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Wednesday, 18 August 1920

Mr RICHARD FOSTER (Wakefield) . - The members of the Select Committee which is investigating the subject of sea-carriage, have for a long time been aware of the facts mentioned by the honorable member for Hindmarsh (Mr. Makin).

Mr Lazzarini - Why have you kept them to yourselves?

Mr RICHARD FOSTER - Our latest investigation was conducted in Sydney, and it is not more than an hour and a-half since we returned from that city. The Committee got to work directly it was appointed, and within a fortnight persuaded the Government to transfer eleven of its oversea vessels to the InterState trade, with the result that the congestion which then existed in respect of general cargo was quickly ended, and relief was given in respect of coal supplies. Those eleven vessels are still being employed in the Inter-State trade, carrying general cargo and coal, but, unfortunately, the coal situation . is still very serious. Last week the Committee went to Sydney to investigate the matter, and, in view of the conflicting statements which have been published, I propose to put the real position before the House. I wish, first, to correct the impression that was created here last week by interjection, and is getting abroad throughout the country, and exciting unrest and dissatisfaction: that the coal-owners get more money for the coal that they sell for export than for that which they sell for use in Australia. The Committee were informed by representatives of the colliery proprietors that they receive exactly the same price for exported coal as for coal used locally.

Mr Makin - But we should have preference.

Mr Gabb - The export trade increased the price of coal.

Mr RICHARD FOSTER - I shall deal with both matters. The coal-owners do not get a penny more for coal sent abroad than they get for coal used in Australia.

Mr Mahony - What about the agents who buy from them?

Mr RICHARD FOSTER - They cannot be responsible for what is done with the coal by those who purchase it from them. I am speaking in this matter not only as a member of the Sea Carriage Committee, but also as a representative of a State whose interests are in jeopardy because of the shortage of coal and its narrow coal reserves. Coalmining is a big national industry in New South Wales.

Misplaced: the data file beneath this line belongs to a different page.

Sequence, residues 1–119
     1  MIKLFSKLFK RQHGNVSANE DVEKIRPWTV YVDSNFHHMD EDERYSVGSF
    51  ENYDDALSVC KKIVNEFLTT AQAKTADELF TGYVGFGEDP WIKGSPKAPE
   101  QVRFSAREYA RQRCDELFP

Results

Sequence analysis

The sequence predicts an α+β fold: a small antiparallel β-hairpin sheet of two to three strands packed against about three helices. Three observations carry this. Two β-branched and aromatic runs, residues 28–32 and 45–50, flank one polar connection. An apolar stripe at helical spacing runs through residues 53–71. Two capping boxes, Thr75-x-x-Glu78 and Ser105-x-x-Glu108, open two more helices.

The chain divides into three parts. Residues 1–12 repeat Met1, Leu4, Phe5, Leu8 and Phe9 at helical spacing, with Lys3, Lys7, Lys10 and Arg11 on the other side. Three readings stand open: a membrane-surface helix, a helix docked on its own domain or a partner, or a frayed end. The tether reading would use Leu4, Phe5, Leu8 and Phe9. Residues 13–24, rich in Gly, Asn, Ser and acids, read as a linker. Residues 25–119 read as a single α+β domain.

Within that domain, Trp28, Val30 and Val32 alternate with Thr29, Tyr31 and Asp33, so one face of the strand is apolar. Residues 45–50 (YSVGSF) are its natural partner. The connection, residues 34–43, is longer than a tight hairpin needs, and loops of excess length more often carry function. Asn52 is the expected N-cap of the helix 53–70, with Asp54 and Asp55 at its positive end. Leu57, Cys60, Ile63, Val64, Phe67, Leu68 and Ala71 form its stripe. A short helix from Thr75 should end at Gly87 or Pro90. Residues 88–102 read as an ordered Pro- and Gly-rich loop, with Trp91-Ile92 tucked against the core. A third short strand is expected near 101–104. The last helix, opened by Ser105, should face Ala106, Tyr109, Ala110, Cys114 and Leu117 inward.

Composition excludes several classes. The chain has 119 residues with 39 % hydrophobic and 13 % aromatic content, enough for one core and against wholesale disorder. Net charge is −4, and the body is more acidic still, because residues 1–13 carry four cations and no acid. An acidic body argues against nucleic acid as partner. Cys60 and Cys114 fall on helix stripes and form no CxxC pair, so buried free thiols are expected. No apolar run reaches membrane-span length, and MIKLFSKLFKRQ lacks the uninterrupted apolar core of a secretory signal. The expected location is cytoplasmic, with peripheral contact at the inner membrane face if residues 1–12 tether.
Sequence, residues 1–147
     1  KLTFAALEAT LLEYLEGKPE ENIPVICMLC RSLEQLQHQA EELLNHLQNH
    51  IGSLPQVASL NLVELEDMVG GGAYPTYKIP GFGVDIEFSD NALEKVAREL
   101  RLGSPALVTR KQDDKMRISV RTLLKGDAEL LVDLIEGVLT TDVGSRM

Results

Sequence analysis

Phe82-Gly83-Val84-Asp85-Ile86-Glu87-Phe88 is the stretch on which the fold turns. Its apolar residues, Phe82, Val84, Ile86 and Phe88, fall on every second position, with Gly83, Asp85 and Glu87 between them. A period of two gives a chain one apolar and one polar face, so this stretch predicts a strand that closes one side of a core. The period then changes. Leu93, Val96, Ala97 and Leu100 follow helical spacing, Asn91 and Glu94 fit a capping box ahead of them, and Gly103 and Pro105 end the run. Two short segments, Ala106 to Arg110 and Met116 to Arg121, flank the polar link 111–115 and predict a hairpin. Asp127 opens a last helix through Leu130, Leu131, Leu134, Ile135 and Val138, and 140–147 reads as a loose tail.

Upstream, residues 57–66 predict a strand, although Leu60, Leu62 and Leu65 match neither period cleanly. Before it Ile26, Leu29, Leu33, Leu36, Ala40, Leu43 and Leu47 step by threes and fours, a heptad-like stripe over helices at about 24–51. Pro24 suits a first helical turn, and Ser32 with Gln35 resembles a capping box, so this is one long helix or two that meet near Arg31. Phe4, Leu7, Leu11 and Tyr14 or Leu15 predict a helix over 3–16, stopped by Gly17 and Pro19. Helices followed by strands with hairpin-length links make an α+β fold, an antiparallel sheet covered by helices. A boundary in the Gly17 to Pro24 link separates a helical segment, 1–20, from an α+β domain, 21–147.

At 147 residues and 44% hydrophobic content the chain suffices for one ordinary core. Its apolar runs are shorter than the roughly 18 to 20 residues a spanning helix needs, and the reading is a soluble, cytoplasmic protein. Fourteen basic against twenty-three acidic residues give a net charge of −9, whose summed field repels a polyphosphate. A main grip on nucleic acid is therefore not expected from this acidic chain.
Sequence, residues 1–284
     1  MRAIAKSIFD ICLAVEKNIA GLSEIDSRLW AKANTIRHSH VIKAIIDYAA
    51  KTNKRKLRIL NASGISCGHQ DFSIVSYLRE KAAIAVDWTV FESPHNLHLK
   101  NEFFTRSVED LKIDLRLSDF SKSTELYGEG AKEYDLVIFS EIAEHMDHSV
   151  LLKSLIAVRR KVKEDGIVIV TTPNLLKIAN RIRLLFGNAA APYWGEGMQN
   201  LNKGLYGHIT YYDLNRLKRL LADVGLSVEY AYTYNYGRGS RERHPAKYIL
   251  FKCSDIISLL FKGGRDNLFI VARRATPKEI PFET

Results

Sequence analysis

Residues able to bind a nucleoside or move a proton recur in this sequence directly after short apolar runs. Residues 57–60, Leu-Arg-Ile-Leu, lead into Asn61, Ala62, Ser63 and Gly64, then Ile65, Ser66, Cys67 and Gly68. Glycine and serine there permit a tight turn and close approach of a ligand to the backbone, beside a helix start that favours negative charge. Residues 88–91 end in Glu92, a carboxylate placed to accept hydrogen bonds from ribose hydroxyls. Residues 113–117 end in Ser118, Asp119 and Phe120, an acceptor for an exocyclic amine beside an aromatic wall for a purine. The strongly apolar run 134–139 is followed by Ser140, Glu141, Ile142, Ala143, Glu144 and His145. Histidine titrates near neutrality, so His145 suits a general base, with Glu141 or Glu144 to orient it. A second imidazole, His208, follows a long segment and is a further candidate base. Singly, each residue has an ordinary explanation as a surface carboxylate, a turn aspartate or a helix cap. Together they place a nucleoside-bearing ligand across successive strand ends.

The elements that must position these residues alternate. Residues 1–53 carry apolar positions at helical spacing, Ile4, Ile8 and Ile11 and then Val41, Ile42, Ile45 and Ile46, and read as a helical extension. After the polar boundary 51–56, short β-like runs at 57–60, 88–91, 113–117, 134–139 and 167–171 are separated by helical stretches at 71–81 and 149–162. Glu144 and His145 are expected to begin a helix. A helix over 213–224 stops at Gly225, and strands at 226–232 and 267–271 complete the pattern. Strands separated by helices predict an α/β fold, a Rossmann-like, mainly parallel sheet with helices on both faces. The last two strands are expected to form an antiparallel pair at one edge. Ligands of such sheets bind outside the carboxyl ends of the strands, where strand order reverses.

Dr MALONEY (MELBOURNE, VICTORIA) - It should be nationalized.

Mr RICHARD FOSTER - That would make no difference in the present circumstances. This industry must be protected as far as possible. Years ago, Newcastle lost a large part of her export trade because of industrial troubles, and she now has an opportunity of regaining it.

Mr Mahony - Her export trade was lost, not by industrial troubles, but by the restriction of shipping during the war.

Mr RICHARD FOSTER - I am speaking of a period long anterior to the war. The honorable member for Hunter (Mr. Charlton), who represents part of the Newcastle coal district, will not contradict what I have said. We ought not to interfere with the export trade in coal if we can avoid doing so, and it is possible that the Inter-State demands may be met and the export trade allowed to continue.

Mr Makin - We ought not to feed the export trade . at the expense of our own industries.

Mr RICHARD FOSTER - I do not suggest that that should be done. But the export trade should not be interfered with in the least unless under very serious circumstances.

Mr West - What about the coal that is at grass?

Mr RICHARD FOSTER - I shall come to that. Last month's output of the coal mines was equal to the pre-war standard; and in order to facilitate the supplying of the Inter-State market, it is now being arranged that the whole of the Maitland coal shall be devoted to the Australian trade, the Newcastle coal being left available for export. When all that isdone, the next step will be to find more shipping. I understand that the Select Committee on Sea Carriage is likely to recommend to the Government that more ships should be taken from the over-sea fleet for such time as may be necessary to overtake the shortage of coal for Inter-State purposes.

Mr Makin - Is full advantage being taken of the present freightage?

Mr RICHARD FOSTER - Yes. The honorable member spoke of ships having been held up and delayed at Newcastle. That occurred on only two occasions, because the foreign ships which bad come for coal were occupying the berths. What I believe the Select Committee will recommend is that, when the berths are fully occupied, the Government should agree to the reserves of coal being drawn upon, so that, if there is not ample space for all the shipping at the port, vessels may load from the dumps for the InterState trade. The Government know best whether they can allow the dumps to be touched; but I urge upon them that, in the interests of Australian industries and public utilities, they should allow as much coal as is necessary for the InterState requirements to be drawn from the reserves.

Mr Poynton - The reserves are a very good insurance.

Mr RICHARD FOSTER - I know theyare, but they can be replaced. The Inter-State demand for coal is likely to continue for some time,because there are no reserves in South Australia or Victoria. The supplies of public utilities are reduced to a minimum, and some of them have not more than enough coal for one week. The present demand may continue for . some weeks, and it is necessary that more shipping shall be provided. Whilst we do not wish to injure the coal export trade of New South Wales, we insist that it shall be subsidiary to Australian industries. I believe, however, that both Inter-State and overseas requirements can be met if the Government will adopt the suggestion I have made.

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